County election commissioners must be registered voters who have been residents of the state for five years and residents of the county for which they are appointed for two years (with an exception for counties with a population between 276,000 and 277,000).  

Elected officials, employees of elected officials and employees of a state, county, municipal, or federal government body or agency are not eligible to serve on the election commission. (T.C.A. § 2-12-102.) However, this statute does not disqualify the following people: a notary public, an employee of an institution of higher learning, a school teacher or a member of a reserve unit of the U. S. armed services or National Guard, unless on active duty. (T.C.A. § 2-1- 112.) If a commissioner qualifies as a candidate for any public office, that member will be automatically disqualified and a vacancy will be created on the commission. (T.C.A. § 2-12-102.)

A minimum compensation for members of the county election commission is specified by statute and varies according to the population of the county. These amounts may be increased in any county by resolution of the county legislative body. In order to trigger the daily rate, a commissioner must work at least one hour in any given 24 hour period, but payment is made for meetings lasting less than one hour if they are required by statute, budget preparation, or litigation. (T.C.A. § 2-12-108.)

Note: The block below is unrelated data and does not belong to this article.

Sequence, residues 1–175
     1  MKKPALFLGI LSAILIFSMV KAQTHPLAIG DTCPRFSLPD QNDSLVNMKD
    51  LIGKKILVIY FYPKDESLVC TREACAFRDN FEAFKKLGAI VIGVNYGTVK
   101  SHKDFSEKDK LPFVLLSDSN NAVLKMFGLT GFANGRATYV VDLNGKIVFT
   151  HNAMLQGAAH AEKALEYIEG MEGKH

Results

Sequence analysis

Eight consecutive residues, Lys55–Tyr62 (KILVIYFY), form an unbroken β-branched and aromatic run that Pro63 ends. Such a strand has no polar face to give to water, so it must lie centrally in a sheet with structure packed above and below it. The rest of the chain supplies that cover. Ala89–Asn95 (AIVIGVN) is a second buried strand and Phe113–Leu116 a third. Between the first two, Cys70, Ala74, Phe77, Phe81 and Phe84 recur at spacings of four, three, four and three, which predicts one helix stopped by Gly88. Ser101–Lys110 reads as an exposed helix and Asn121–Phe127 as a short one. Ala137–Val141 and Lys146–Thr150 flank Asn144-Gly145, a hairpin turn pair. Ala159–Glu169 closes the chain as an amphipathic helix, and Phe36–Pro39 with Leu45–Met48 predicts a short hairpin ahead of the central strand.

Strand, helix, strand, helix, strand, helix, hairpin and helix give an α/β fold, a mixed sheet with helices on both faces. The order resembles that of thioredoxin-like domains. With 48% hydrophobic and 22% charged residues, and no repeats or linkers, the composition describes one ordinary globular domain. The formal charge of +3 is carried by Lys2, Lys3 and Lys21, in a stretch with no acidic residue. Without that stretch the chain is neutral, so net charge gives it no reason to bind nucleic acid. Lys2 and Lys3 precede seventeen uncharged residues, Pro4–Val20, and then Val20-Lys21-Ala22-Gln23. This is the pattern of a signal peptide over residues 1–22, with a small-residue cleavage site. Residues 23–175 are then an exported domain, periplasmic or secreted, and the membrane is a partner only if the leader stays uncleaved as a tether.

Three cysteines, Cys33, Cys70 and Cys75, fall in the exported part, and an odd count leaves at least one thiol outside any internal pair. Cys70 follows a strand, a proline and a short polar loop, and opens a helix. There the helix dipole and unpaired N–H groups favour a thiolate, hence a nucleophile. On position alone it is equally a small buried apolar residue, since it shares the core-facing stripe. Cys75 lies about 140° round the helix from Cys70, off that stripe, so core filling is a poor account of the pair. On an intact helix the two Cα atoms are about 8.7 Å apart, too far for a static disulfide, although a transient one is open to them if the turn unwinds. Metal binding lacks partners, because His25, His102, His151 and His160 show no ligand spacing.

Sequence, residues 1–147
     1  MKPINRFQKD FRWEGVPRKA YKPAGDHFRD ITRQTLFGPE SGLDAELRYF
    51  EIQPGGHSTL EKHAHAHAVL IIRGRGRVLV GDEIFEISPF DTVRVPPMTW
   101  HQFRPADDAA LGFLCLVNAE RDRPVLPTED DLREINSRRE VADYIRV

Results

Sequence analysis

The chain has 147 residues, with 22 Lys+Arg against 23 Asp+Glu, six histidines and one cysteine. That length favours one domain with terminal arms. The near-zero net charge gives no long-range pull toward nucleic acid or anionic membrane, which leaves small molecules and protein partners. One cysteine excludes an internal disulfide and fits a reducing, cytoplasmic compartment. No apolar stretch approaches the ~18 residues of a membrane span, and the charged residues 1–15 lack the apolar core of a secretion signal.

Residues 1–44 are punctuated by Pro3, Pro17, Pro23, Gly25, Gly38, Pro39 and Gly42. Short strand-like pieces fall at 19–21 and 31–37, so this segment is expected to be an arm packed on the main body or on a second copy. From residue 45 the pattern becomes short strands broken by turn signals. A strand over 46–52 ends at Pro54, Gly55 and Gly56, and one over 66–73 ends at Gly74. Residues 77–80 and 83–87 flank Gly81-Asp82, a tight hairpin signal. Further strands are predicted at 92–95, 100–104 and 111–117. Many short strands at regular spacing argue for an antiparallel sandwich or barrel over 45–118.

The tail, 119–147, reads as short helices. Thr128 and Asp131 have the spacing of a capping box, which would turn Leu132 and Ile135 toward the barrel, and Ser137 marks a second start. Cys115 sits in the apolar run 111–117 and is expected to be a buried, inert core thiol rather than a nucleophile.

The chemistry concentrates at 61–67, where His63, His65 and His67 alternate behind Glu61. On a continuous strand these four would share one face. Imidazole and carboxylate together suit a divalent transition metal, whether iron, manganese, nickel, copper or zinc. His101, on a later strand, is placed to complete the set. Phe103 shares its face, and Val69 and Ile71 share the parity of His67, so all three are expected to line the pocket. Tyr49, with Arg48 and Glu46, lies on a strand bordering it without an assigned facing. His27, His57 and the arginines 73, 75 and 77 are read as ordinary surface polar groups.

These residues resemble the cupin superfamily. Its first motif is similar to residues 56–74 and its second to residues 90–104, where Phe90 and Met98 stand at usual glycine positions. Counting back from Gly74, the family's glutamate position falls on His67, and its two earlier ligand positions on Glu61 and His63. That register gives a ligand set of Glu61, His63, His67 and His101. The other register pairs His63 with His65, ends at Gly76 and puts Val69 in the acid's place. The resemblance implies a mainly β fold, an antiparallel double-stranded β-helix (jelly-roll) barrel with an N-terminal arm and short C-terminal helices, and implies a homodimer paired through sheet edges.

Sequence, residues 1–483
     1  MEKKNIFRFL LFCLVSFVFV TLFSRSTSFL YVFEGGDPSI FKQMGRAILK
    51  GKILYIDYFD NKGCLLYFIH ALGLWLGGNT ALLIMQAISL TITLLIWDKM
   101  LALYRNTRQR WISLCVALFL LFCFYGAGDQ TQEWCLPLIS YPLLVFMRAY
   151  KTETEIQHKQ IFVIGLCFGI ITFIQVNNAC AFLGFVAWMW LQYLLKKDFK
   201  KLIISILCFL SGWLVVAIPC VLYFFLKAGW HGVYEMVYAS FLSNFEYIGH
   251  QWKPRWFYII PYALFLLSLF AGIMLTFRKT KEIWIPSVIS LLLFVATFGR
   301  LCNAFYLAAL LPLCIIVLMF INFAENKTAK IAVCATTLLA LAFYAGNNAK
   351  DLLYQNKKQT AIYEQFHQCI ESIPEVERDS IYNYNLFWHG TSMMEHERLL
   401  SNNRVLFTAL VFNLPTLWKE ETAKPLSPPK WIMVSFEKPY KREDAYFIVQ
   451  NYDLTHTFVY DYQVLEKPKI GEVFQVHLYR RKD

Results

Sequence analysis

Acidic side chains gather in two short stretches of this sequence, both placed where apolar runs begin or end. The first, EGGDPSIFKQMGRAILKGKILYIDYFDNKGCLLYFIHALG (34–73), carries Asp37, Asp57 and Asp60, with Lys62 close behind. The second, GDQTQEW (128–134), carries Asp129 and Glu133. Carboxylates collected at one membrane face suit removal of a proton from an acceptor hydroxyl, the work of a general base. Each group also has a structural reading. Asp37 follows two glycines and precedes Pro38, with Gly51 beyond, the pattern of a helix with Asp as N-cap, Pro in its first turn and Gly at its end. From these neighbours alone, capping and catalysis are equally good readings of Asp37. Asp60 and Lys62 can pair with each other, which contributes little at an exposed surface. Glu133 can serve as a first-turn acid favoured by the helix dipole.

The funding of each county election commission is the responsibility of that county which, if not provided for, will be compelled by the chancery court. However, each municipality is responsible for expenses the county election commission incurs in holding municipal elections, and for the additional expenses attributable to the municipal election when it is held on the same day as a countywide election.

Similarly, elections for the sole purpose of choosing a member of the General Assembly are to be funded by the state, as are presidential preference primaries. The state will also fund county primaries that are held along with the presidential primary. All expenses must be properly reviewed and certified in order to be paid. (T.C.A. § 2-12-109.)

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Members Opinions:
August 13, 2012 at 6:04pm
Congratulations Jim, I'm sure you will do a good job without the good 'ole boy mentality.
August 14, 2012 at 4:07am
Jim's appointment IS the "good ole boy" mentality------just a different bunch of ole boys.
August 14, 2012 at 6:57am
Great to have home grown local citizens determining certain aspects of our election progress.

You know, those who have grown up in the county, known by all since way back when and have an appreciation for all, regardless of party affiliation.

Beavers and Pody have made sure of that.

Sure does feels good.
August 14, 2012 at 2:18pm
I think Beavers and Pody have an agenda alright. But, I don't feel good about it.